China’s experiment with letting mainlanders invest in the Hong Kong stock market, launched last August and dubbed the “through train”, has yet to take off. From the Wall Street Journal:
When China’s foreign-exchange regulator announced its trial plan on Aug. 20 last year, it sent the benchmark Hang Seng Index soaring some 55% in just 10 weeks. Investors dreamed of a massive inflow of cash-rich mainland investors, who had been fueling a bull run in the Shanghai and Shenzhen share markets.
But not long after the announcement, signs already were apparent that Beijing regulators were having second thoughts about the impact of their plan. Authorities expressed concerns over the possibility that the through train would drain too much money from mainland exchanges, and that unsophisticated mainland Chinese investors could suffer big losses in the rough and tumble of global markets.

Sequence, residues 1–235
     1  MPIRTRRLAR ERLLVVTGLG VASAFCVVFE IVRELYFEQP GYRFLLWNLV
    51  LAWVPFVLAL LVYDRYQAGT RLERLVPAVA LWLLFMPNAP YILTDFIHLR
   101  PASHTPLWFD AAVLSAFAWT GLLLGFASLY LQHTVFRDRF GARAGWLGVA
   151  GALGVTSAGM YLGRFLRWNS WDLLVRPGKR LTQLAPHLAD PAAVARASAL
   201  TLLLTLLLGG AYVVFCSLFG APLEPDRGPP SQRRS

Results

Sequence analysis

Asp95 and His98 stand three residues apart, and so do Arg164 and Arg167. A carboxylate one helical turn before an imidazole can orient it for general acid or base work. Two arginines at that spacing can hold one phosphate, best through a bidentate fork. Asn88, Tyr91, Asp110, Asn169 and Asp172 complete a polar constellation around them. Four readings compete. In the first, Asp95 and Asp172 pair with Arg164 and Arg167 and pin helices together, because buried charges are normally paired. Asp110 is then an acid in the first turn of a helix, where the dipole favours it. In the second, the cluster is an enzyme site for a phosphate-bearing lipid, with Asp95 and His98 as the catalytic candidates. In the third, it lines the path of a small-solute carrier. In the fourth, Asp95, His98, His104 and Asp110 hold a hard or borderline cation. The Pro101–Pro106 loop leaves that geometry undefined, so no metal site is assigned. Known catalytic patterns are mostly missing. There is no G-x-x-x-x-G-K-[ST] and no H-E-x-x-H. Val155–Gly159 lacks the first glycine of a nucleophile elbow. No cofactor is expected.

Yet since then, central-government leaders have grown increasingly vocal about another pressing concern: too much money flowing into China, and not enough flowing out. As foreign reserves hit a record high of $1.81 trillion at the end of June, up from $1.68 trillion in March, Beijing blamed speculative inflows and vowed to more closely monitor foreign companies and investors doing business in China. A program like the through train would narrow the fund-flow gap by providing an outlet for capital bottled up in the domestic markets by Beijing’s strict capital-control regime.